The primary output metric of Agile is the "Burndown Rate" or Velocity. This is the number of Points you can complete in an Iteration. It is often represented as a chart with an ideal downward-sloping line overlayed with the actual progress in terms of remaining open total Points. Because we encourage measuring both project and individual iteration progress, both products and people have a "Burndown Rate" during the course of an Iteration.

A secondary metric of Agile is the rate of "Fires", or tickets created during an Iteration that must be dealt with immediately. Both people and projects will have some trending rate of Fires. Projects with too many Fires are a sign of something in need of redesign. People with too many Fires are a sign of them being spread too thinly.

A third metric of Agile is the rate of opened, valid tickets against a project or a person. If the amount of new ticket Points opened against a person is greater than their "Burndown Rate", that person is potentially a bottleneck and needs help. If the amount of new ticket Points opened against a project in an Iteration is greater than the "Burndown Rate" of that project, that project either needs manpower, or needs better triage and control of new ticket requests.

Reading a Tor Agile Report

For an example report on a person's Iteration, see #2591. For an example report on a product's Iteration, see #2606. As you can see, there's really not much difference from the two, and the same tickets can appear in both, due to our use of tagging by multiple trac Keywords.

Agile Reports are primarily written using Trac's Query support, but there is a limit to what can be done in a trac query, so some manual data entry is required. The key things to extract from reading the report are:

  • The Goals
  • The Fires
  • The Metrics

The Goals are what the person or project set out to do during that Iteration. These were taken either from the backlog of open tickets against that person or project, or from one of the Sponsor Roadmaps.

Trac will mark these with a strike-through when they actually get closed. The estimated Points and Actual Points will be present for completed tasks, which represents the estimated and actual work done.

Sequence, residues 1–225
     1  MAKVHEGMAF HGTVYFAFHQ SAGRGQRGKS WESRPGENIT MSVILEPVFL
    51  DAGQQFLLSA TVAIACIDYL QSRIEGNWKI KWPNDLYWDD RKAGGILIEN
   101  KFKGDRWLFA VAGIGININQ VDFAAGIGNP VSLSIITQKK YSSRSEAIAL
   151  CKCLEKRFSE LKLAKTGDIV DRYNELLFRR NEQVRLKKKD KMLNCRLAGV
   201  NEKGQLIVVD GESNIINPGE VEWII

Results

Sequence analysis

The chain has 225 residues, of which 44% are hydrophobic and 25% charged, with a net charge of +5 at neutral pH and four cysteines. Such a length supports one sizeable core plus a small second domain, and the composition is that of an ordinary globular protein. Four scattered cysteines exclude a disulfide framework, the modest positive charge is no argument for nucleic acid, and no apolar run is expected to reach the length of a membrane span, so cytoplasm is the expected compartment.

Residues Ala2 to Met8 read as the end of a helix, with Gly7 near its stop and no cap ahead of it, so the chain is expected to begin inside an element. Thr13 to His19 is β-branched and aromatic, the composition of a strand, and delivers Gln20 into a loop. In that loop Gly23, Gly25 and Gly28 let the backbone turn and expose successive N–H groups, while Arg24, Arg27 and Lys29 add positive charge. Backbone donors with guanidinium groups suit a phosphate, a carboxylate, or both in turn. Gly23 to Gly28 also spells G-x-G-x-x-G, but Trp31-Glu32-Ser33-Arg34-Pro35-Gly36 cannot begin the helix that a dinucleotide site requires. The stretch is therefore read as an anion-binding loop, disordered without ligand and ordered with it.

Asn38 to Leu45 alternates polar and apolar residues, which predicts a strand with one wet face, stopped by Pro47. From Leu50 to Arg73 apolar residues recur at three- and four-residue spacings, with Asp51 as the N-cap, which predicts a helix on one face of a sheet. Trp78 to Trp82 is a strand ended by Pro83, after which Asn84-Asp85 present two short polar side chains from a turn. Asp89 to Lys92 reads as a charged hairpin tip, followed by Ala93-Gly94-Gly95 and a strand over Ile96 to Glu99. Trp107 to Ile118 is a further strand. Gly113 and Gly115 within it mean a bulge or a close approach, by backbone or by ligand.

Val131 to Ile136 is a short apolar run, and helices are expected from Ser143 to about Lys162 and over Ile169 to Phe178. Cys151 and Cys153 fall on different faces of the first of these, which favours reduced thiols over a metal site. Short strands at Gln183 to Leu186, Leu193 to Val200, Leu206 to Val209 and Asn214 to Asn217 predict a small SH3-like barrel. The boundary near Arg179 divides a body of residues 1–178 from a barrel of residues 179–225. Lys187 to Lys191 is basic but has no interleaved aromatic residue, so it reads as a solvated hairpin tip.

The Fires list is similar, but it represents issues that came up during the Iteration that had to be dealt with immediately rather than being scheduled for a future Iteration.

The list of Opened tickets comes next. At this point, it is just a trac wart. The list of Opened tickets is likely not useful to look at after the report is completed, because it is a list of the most recent opened tickets only. Trac 0.12 will allow us to specify a date range here, so that this list stays fixed. Until then, it is not useful while reading the report at a later date. The only reason it is present is to help to compute some of the fields from the Metrics section.

The Metrics section is the meat of the report.

It first three lines lists the total estimated Goal Points at the beginning of the iteration, how many of these estimated Goal Points were done this iteration, and the total Actual Points for the Goal tickets completed this iteration (the Goal Points Done). These three metrics show you how good you are at estimating your "Burndown" Velocity, which is the primary purpose of Agile. The comparison of the Goal Points Done to the Actual Goal Points Done also tells you how well you are at estimating the Points of your tickets, on average.

The next two lines lists the Actual Points of all completed Fire tickets (Fires Done). This is the secondary Fire rate metric mentioned earlier, and can provide clues about ageing code in need of redesign, as well as overcommitment. The Actual Points Done line just below the Fires lists the sum of the Fires Done and the Actual Goal Points Done.